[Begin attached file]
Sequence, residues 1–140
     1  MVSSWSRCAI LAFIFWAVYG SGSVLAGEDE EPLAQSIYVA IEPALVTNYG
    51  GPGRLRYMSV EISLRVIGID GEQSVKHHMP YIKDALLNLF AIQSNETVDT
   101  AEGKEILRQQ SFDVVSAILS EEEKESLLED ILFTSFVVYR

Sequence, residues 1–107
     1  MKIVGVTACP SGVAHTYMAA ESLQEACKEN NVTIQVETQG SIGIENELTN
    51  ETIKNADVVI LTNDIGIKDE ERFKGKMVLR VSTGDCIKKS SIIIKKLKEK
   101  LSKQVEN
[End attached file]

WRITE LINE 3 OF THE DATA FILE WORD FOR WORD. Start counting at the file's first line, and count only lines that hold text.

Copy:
    51  GPGRLRYMSV EISLRVIGID GEQSVKHHMP YIKDALLNLF AIQSNETVDT